Wednesday, July 13, 2011

Pure Preservation

I stumbled across an amazing blog today (this lady is living my dream!) and I'm so excited to start trying recipes with honey in them.  Here are the first two I want to try.

Honey Strawberry Lemonade
5 or 6 fresh or frozen strawberries (clean and hull fresh strawberries)
1/4 to 1/2 c honey (more or less to your own liking)
1 small can frozen lemonade concentrate, made according to directions (you will only use about 1/2 of this in the recipe)
Ice cubes 

In blender, process strawberries with honey until pureed. If using frozen, no need to thaw first. Add lemonade and blend.  Use a few ice cubes if using fresh strawberries and it's not "slushy" enough for you or you can add the frozen lemonade straight into the blender without making according to directions first.   Substitute limeade concentrate for lemonade for a twist. Can use maple syrup or stevia in place of honey (but why would you want to do that?) 

Honey Strawberry Tea Cooler (Adapted from the National Honey Board)
1 pint strawberries
1/2 c honey
1 can frozen orange juice
2 cups brewed green tea

Process strawberries and honey in blender.  Add juice and stir into tea.  Serve over ice.

Within the week I'll be grocery shopping for canning ingredients.  My beans and things are far from ready to be canned but if I'm prepared with the necessities, I'll be more motivated.  It's a little sad that I have to trick myself into it.  :)  Anyways, I plan to can green beans according to the recipe found here along with blueberry jam from the same recipe source.  I have big plans, but we'll see how it goes.  Mostly I'm just interested in the idea of a canning party. 

Also, I've missed baking pies.  I'll try out this whole gluten-free business at my earliest convenience.  This reciple is from gluten free girl's blog which rocks!

This is a super-chatty recipe. Forgive the length, but I wanted to make it feel like I’m standing in the kitchen with you, showing you how to make this pie. You can do it. Read through, gather your ingredients, and then begin.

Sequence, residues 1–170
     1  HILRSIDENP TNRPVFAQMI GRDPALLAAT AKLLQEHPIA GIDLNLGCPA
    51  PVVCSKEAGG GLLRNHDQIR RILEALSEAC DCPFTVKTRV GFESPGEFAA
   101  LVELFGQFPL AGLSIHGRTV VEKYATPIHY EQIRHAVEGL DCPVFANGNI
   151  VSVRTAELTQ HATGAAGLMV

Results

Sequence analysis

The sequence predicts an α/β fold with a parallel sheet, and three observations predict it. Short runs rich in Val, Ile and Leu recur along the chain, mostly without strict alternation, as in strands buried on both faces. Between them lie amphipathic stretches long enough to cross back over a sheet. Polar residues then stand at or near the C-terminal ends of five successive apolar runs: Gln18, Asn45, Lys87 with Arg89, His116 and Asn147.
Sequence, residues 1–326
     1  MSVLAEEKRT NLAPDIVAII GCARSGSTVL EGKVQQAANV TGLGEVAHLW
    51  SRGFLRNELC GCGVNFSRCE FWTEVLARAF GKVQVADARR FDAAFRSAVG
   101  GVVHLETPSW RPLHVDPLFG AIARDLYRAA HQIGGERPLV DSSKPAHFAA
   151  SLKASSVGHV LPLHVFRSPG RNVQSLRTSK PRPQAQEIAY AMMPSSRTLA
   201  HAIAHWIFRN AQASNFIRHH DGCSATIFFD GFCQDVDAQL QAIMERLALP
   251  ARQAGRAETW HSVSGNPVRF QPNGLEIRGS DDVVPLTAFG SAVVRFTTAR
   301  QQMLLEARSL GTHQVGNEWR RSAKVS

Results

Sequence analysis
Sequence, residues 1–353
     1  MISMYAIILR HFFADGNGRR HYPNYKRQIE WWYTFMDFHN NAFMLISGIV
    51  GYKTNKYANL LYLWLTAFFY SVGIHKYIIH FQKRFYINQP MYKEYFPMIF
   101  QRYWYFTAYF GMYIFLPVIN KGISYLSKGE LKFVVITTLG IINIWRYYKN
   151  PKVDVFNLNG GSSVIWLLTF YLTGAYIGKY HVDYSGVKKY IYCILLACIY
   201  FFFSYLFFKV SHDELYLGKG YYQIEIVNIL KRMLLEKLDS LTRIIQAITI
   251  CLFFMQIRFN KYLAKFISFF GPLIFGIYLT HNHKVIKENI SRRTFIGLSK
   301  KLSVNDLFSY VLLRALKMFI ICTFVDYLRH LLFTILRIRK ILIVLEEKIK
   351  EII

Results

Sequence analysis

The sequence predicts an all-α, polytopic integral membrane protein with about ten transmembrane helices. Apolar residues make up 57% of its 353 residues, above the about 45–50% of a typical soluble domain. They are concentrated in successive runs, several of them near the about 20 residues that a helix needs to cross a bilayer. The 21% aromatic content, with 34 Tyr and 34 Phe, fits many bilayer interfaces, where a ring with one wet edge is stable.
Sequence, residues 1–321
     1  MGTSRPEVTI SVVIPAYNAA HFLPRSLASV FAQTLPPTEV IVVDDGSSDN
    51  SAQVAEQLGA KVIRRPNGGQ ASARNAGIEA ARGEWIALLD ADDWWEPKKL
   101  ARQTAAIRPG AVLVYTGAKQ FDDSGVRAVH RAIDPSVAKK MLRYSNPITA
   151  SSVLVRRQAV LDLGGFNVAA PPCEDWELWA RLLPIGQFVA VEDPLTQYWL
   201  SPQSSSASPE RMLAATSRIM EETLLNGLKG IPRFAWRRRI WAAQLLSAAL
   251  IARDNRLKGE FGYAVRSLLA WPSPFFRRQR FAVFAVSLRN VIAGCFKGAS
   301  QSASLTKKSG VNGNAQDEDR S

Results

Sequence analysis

A happy baker makes a happy pie. Remember that. Don’t be afraid. What’s the worst that could happen? It’s pie.
For the dough
350 grams Aherns’ all-purpose flour
½ teaspoon kosher salt
230 grams (2 US sticks) unsalted butter
½ cup ice-cold water, plus a few splashes more
For the filling
1 pint strawberries (as red and juicy as you can find them)
1 pint cherries, pitted
1 teaspoon almond extract
½ cup sugar (or more, if you have a sweeter tooth)
70 grams (about ½ cup) all-purpose flour
½ teaspoon Saigon cinnamon (we’ve been loving this one from McCormick Gourmet)
1 large egg, beaten
Preparing to make the dough. Cut the butter into one-inch cubes. Put them in the freezer for 15 minutes.
Making the dough. Put the flour and salt into a large food processor. Pulse them together until the flour is fluffy and aerated.
Add the butter cubes. Pulse ten times. (Count loudly, and firmly: one! two! three! as though you are a toddler proud to know how to say these numbers.) At this point, the flour and butter should look like a sandy mixture, with the butter chunks still visible.
Pour in the ½ cup of ice-cold water. Pulse five times. Look at the dough. If it still looks a bit dry, add a splash more water, not exceeding another ¼ cup. The finished dough should like curds of dry cottage cheese. (See photograph above.) Stop adding water.
Forming the dough into a disk. Dump the dough onto a clean, cool surface. (We love our marble pastry board.) Gently gather all the dough together in your hands. Working quickly, take half the dough, make it into a ball, then flatten it into a plump disk, about 2 inches tall. Wrap it in plastic wrap and let it rest in the refrigerator for 30 minutes. Do the same with the remaining dough.
(Now let’s be honest here. If you want, you could roll out the dough immediately. Sure, the dough is better when you let it rest, because the flours hydrate more fully. But if you’re in a rush, you can roll out the dough immediately, if you work quickly.)